State revenue projections tend to be a dash of voodoo wrapped in smoke and mirrors, but this was extreme even for Illinois: Last week, it was announced the state in April got $1.5 billion more in personal income tax collections than anticipated.
The surprise gain – it works out to about 38 percent more than the projected amount — is a rare bright spot in a depressing financial climate dating back decades.
But let’s not break out the champagne yet. The state is still saddled with $8 billion in pending bills, a $3.4 billion deficit and $150 billion in pension issues.
The windfall did allow Gov. J.B. Pritzker to back off a potentially disastrous option to slow-walk statutorily mandated pension contributions and divert about $800 million. That's a good thing.
But the cash influx also is politically tricky for Pritzker, who has spent the past year-plus banging the drum of instituting a graduated-rate income tax and revenue-generators like new or higher taxes on plastic bags, e-cigarettes and insurance plans, as well as money from legalizing sports betting and recreational pot.
House Minority Leader Jim Durkin, R-Western Springs, said the $1.5 billion means "there’s no need to talk about raising taxes on bags, cigarettes, businesses or the middle class. And there’s certainly no reason to be even considering a graduated tax now.”
Yeah, good luck with that.
Pritzker and the Democrats are unlikely to back down.
"The truth is that manna from heaven may get us out of the desert, but it will not feed us for years to come," state Sen. Don Harmon, D-Oak Park, told The State Journal-Register. "This really emphasizes the need to pass the fair tax so that we can reform our antiquated income tax structure and pay for the government people from the state."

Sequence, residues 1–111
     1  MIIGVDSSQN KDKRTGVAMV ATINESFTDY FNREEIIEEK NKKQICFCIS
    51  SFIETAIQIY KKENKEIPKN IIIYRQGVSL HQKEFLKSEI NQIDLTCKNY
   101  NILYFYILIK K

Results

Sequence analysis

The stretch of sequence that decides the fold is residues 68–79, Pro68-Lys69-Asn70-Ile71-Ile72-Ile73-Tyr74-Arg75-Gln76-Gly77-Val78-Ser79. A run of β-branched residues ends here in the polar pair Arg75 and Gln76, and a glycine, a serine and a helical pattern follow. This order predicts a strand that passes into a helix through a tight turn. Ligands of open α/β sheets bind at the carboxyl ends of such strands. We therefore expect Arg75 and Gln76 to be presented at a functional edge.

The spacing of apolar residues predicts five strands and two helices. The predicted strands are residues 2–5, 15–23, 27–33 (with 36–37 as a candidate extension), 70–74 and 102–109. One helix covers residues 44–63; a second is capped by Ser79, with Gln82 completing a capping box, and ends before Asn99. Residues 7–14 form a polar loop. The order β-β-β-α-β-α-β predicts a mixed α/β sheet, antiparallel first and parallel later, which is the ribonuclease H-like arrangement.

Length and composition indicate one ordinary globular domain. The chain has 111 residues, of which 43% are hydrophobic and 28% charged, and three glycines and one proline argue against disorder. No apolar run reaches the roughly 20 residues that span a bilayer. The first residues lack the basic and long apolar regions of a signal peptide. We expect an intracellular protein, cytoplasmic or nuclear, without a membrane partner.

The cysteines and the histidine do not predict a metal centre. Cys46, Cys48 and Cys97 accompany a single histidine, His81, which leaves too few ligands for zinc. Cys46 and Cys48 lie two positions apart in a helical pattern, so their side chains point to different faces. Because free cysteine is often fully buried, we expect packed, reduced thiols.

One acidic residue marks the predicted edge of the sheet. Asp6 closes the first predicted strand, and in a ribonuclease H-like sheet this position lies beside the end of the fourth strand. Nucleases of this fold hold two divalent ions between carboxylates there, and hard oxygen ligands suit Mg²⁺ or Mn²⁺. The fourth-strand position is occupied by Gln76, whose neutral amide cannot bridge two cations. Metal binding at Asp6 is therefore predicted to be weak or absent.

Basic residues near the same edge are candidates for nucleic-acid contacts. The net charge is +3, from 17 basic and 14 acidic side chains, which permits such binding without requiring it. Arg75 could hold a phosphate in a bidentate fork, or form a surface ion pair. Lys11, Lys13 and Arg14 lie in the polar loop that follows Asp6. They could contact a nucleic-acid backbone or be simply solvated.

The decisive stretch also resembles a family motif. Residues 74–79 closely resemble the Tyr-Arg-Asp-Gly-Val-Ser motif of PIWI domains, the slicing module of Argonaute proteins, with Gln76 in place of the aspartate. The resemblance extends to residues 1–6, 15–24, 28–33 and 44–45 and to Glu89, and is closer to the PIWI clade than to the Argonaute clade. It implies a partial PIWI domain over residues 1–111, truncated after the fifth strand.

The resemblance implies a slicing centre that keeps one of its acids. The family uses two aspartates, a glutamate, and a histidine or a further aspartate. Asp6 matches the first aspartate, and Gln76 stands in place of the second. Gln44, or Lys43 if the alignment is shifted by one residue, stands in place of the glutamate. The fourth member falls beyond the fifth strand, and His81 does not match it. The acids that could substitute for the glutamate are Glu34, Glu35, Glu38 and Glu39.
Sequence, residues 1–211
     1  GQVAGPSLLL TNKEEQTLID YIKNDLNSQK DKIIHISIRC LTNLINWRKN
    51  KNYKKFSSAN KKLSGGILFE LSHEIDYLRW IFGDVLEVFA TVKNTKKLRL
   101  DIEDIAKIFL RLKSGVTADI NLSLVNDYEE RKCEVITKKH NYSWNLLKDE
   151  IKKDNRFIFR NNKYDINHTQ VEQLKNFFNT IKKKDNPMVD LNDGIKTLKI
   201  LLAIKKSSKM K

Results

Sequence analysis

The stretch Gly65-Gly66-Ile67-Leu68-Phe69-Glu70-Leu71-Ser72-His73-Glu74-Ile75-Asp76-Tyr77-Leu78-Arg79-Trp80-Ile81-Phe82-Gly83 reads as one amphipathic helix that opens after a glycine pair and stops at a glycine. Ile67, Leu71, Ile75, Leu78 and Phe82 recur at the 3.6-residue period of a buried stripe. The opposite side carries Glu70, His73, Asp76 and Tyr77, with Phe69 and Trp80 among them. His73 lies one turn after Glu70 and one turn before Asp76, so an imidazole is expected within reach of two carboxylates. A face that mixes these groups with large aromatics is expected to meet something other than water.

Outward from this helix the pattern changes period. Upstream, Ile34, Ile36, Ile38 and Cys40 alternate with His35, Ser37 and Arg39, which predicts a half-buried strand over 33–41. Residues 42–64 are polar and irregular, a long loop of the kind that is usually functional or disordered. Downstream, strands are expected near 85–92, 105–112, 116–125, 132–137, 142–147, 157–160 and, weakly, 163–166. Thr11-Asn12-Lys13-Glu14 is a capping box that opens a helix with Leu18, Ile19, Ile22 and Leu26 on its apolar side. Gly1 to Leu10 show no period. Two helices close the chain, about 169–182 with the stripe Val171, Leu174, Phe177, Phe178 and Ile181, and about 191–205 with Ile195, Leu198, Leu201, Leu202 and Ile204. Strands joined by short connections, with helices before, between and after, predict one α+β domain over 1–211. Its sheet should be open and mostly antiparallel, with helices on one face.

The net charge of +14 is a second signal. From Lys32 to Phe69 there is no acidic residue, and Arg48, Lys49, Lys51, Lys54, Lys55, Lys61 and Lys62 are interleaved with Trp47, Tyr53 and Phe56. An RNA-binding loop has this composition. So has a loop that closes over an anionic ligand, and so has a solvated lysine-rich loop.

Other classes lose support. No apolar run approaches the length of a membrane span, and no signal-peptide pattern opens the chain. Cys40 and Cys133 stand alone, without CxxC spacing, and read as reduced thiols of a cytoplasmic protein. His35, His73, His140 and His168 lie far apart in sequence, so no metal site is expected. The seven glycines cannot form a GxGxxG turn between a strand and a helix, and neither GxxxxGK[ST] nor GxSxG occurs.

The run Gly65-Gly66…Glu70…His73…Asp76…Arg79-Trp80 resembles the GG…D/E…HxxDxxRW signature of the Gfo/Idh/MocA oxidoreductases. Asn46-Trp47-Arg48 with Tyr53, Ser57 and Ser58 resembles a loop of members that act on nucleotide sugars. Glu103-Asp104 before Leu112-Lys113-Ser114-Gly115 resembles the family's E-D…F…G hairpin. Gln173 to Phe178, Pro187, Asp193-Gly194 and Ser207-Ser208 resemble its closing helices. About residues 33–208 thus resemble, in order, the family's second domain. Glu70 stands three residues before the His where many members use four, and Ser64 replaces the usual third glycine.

We still have fundamental questions about the graduated tax proposal, but suffice it to say the Illinois budget hole is so deep that the only way to dig out is through spending cuts and finding stable revenue sources.
But it starts with knowing what we're working with. What's troubling about the April surprise is that it wasn't predicted. The state Commission on Government Forecasting and Accountability forecasting office credited it to “very strong performances of both personal and corporate income taxes," but “a precise component breakdown is not yet available for April’s income tax receipts."
The state Department of Revenue, in a letter to lawmakers, was more salient, pointing to "the performance of the stock market, better federal reimbursement for Medicaid, the elimination of the federal state and local tax deduction and additional changes in the federal tax law" as factors.
In our view, such unreliability highlights just how much Illinois is on shaky ground and totally unprepared in the case of an economic slowdown.
If this is not a one-time windfall and the money continues, paying down pension costs and high-interest bills is a good place to start.